How do you think your writing has evolved over the years?
I hope that it’s improved – I mean, if you’re writing 100 books you don’t want to get worse! I keep trying to stretch myself and do something that’s more complex and more vivid and more emotionally satisfying with each book. I try to make the plotting more complex – I don’t just want to write the same book over and over again, because that would be dull.
Sometimes, when I re-read my earlier books, it surprises me. Because with some I think, “Wow this is really good, did I write that?” And others I think, “Oh, that needed another edit.” But at the time it was the very best I could do. I think the easiest way for a writer to see when he’s doing something wrong is to publish something and then read it. Because you never notice it before it’s published!
Are there any movie versions of your books in the works?
I’ve had a few things optioned, but Hollywood is a more insane place than any science fiction universe I could imagine. I’m co-producer with Brian on the new version of Dune that is in the works with Paramount – but we just receive phone calls with updates once in a while and don’t know where that’s going. Other options come and go.
But the process of making a movie… there’s so much money involved and so many people and decision makers, compared with a book being published. Just the other day we were getting an update on the Paramount film, and it was this long conversation with different convolutions of directors and screenwriters and executives; it was very difficult to figure out what was going on at the end of it.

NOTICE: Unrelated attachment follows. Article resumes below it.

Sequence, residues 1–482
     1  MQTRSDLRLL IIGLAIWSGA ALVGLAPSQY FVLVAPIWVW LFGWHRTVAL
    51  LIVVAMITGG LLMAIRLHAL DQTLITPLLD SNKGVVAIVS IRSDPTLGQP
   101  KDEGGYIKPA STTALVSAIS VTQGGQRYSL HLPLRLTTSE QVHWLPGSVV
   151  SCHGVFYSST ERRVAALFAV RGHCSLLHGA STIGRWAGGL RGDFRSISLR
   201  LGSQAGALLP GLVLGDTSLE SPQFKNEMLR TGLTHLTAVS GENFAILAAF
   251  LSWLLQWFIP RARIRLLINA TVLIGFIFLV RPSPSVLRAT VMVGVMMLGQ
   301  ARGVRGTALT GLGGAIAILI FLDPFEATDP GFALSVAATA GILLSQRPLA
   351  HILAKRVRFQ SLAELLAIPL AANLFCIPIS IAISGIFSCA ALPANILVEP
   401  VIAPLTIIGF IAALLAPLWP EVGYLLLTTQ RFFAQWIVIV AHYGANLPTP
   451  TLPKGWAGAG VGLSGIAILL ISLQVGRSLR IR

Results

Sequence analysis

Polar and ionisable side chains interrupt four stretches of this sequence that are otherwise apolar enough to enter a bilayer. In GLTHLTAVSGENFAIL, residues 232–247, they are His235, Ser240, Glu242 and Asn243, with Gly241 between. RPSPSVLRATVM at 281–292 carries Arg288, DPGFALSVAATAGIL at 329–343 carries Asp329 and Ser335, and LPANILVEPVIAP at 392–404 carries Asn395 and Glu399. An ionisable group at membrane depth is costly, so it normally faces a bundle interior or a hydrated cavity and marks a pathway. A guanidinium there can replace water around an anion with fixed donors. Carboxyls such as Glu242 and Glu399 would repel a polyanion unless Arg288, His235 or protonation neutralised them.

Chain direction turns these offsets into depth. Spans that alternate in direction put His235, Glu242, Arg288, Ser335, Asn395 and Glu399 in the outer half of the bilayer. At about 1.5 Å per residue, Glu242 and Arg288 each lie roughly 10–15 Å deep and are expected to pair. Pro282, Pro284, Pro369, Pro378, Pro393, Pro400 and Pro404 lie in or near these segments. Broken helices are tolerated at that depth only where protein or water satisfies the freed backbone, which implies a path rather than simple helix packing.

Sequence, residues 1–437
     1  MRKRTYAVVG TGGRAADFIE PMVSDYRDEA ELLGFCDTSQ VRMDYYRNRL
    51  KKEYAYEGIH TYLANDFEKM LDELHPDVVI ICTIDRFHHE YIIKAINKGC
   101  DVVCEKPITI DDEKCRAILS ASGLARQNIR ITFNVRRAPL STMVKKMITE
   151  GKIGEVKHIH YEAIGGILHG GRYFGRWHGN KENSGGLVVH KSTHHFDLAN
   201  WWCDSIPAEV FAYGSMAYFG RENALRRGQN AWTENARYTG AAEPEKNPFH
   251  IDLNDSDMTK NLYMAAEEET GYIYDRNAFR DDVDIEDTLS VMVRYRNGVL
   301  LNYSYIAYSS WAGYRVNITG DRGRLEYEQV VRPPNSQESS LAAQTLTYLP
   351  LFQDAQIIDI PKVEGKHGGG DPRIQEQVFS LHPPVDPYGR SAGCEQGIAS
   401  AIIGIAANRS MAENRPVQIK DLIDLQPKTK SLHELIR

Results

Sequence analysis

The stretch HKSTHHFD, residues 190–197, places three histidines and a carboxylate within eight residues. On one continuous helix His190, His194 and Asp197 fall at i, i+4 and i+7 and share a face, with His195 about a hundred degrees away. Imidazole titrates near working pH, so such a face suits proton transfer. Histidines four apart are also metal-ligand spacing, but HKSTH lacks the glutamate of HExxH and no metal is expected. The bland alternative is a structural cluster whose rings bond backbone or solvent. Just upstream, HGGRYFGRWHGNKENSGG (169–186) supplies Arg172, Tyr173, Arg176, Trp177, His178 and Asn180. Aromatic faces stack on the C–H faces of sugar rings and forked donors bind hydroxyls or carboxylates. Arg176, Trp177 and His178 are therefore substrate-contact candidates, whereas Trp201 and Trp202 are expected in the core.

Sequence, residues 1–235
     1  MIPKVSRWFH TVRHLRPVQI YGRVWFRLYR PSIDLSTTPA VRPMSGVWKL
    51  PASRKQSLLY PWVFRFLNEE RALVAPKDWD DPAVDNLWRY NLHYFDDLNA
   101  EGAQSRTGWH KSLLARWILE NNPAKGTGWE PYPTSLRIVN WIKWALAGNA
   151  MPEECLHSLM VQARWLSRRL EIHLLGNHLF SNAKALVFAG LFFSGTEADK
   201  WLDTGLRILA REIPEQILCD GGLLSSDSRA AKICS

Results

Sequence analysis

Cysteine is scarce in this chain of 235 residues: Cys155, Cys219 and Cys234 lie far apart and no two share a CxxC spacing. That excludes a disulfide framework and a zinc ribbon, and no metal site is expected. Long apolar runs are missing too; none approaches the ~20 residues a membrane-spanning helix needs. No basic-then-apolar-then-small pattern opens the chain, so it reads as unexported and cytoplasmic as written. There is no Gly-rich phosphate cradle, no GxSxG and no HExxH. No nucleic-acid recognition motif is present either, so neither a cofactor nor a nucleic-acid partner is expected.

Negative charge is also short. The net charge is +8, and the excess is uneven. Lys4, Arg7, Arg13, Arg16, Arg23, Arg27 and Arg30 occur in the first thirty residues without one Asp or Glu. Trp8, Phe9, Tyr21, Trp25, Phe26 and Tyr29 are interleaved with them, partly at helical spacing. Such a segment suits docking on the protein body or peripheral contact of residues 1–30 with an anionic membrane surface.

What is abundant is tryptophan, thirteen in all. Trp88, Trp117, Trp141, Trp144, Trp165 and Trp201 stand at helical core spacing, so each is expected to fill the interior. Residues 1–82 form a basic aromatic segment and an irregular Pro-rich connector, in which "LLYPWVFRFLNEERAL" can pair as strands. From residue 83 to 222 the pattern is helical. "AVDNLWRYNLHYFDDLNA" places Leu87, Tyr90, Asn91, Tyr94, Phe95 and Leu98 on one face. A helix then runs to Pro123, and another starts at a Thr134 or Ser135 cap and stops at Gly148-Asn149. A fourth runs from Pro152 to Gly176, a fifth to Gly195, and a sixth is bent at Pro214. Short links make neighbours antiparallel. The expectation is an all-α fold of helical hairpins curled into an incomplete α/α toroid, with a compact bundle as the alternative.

I’m very frank about the fact that it’s different skills writing a script and writing a book, just like it is being a brain surgeon and a heart surgeon. I know how to write books and how to tell stories, and that’s where my focus is for the most part. If someone wants to make a movie out of one of the books and manages to usher it through to production then I’ll be happy because it will increase my audience, but the books are what I do.
You’re a very prolific author. What books are you working on at the moment?
My wife, Rebecca Moesta, and I have a young adult series of books to promote interest in the US space programme called the Star Challengers. We got a cover quote from Neil Armstrong and Buzz Aldrin!
Then there’s the third book in the Terra Incognita trilogy, The Key to Creation, which is out in June and which wraps up that trilogy. And Brian Herbert and I are about to go on a US tour for Hellhole, at which point we’ll be plotting the second book in that trilogy. We have also just delivered The Sisterhood of Dune.
I have to say that this is just the best job I could imagine doing. I get to sit around all day, making up stories and spending time with my best friends, who are the characters I make up. And then I do terrible things to them, like blow up their planets…
Hellhole is out now (Simon & Schuster). Photo: Sarah Thompson. Interview originally published on Total Sci-Fi Online.
Last modified on